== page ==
The announcement itself is a step down from a previous press release: "Checker Book Publishing Group brings the latest collection of old comic strips to remind us that some of the stalest funnies of today actually used to be really good. The book will feature the Beetle Bailey daily and Sunday comic strips, syndicated by King Features, which were published between when the comic strip first appeared in September of 1950 and December 1952." Notice that in this case it is specified that the sundays are included (as they are on the cover of the Scandinavian version, which I noticed on second glance). The sample pages they show on their website (http://www.checkerbpg.com/books/bb1_01.php) include an introduction with color illustrations - but no sundays."

Anyway, here are some more randomly scanned Beetle Bailey sundays from the first two decades. Along with an early drawing for a fan by Mort Walker I found on e-bay.

A two-tier sample from june 22, 1958.

An almost perfect three tier sunday from nov. 6, 1964.

A bit more bland and definitively dated sample from june 5, 1965.

A late but still impressive sample from jan 23, 1968.

Sunday, April 20, 2008


Last month Checker announced that they would be publishing The Complete Beetle Bailey. This great series is going to be edited by comic strip historian and Beetle expert Chris Walker, who also happens to be the son of it's creator. In the first volume, now available for pre-order from the Previews catalog and Amazon will cover the first two (!) years of this important gag strip. Beetle Bailey was one of the first 'new' gag strips that dominated the sixties and to which this blog is dedicated (for now). Together with Peanuts and Dennis the Menace it changed the landscape of American newspaper comics. Some say for the worst, but as I have stated earlier in this blog, the slow decent into nothingness didn't occur until the paper shortages in the early seventies cause newspapers and syndicates to start shrinking their strips, favoring gag strips over story strips and generaly accepting less instead of more. None of this is true for the great gag strips of the fifties and early sixties, as we can probably see from this collection.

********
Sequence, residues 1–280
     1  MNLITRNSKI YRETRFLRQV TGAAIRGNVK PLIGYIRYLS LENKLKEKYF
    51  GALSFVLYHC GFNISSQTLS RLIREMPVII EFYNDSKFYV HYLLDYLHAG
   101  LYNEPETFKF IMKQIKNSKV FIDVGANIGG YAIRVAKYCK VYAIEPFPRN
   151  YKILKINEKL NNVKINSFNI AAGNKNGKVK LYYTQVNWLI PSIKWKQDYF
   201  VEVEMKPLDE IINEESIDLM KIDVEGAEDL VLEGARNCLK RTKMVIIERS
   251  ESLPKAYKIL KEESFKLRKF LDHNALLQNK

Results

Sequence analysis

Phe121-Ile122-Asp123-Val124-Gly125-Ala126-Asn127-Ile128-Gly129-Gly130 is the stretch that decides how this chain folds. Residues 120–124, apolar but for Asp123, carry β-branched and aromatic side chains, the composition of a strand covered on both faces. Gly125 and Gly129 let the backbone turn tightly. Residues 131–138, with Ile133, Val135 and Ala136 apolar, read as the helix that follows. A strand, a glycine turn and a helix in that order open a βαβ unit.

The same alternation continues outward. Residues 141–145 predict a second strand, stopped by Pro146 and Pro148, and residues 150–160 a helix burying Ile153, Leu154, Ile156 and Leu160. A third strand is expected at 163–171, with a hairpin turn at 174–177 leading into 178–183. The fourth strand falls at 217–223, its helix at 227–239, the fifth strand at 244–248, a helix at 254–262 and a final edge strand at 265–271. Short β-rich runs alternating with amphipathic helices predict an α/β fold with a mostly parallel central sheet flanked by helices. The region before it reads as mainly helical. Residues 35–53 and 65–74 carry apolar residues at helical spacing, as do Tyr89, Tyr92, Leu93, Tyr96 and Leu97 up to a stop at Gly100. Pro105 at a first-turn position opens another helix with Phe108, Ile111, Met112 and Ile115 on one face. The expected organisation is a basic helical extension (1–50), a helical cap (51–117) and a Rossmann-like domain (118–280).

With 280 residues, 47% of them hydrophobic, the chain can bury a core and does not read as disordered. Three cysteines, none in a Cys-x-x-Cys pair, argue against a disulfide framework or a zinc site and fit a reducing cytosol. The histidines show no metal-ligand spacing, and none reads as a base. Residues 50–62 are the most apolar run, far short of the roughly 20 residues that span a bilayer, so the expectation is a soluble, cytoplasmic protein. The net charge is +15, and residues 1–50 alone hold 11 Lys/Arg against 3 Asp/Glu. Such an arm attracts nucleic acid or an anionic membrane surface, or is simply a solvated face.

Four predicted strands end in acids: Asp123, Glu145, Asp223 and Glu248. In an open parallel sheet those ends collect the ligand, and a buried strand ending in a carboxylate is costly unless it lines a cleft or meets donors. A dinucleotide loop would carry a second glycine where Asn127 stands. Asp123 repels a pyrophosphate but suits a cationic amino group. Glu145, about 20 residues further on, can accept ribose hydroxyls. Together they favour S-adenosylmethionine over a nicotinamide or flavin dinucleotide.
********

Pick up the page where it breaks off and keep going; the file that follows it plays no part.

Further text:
I say probablyt, because I have seen very little of these first two years. From the rare reprint books that were done about this strip, I know of a couple of samples (and I will share some of them, as well as the cartoons they came from, with you in the next week). Beetle Bailey started life as a strip about college life and didn't get turned into an army strip until it's hero (Spider) was called in for duty at the start of the Korean war. I don't think he ever left training or America, but stayed here to frustrate his superiors and make us laugh for many years.

Like Hank Ketcham, Mort Walker had been selling cartoons for a living, before turning to newspaper strips to try and make a bit more. In his biography Mort Walker says that he became one of the biggest selling cartoonists in a short period after starting in 1948 at his college magazine. I will be showing some of those cartoons later on. They were the first of a whole wave of port-war cartoonists who developed a newspaper gag series, just like political cartooning was the way to get noticed in the nineties.

The Complete Beetle Bailey is based on a recent Scandinavian reprint series. Checker is a reletively young company, who have made a niche for themselves by (re)publishing classics from newspaper and regular comics. One of their most recent books was the relatively small B.C. book Growingold. There too, they had help from the family of the artist. But still, the way they represent this book for the American artist will be a test of their skills as publishers. Will they be able to get it into the shops and make it into the cash cow of their company the way the Peanuts Collection has become for Fantagraphics? I hope so, because I will certainly but this series until deep into the run.

Already I do see a couple of faults. From the publicity material I can't make out if this book is going to contain sunday pages or not. I hope it will, because the sunday pages often were where these cartoonists did their best work. I can understand why the Dennis the Menace reprint wouldn't have any sundays, because the panel format doesn't suit itself to the three tier format of the sundays. But the size of the Beetle Bailey reprint does accomadate sunday pages. To have them in between the dailies, where they stylisticly belong (as in the excellent Peanujt books) would be far better than to have them collected seperately. Although a seperate book would make a larger size a possibillity, which wouldn't be bad for the first 15 years of the strip.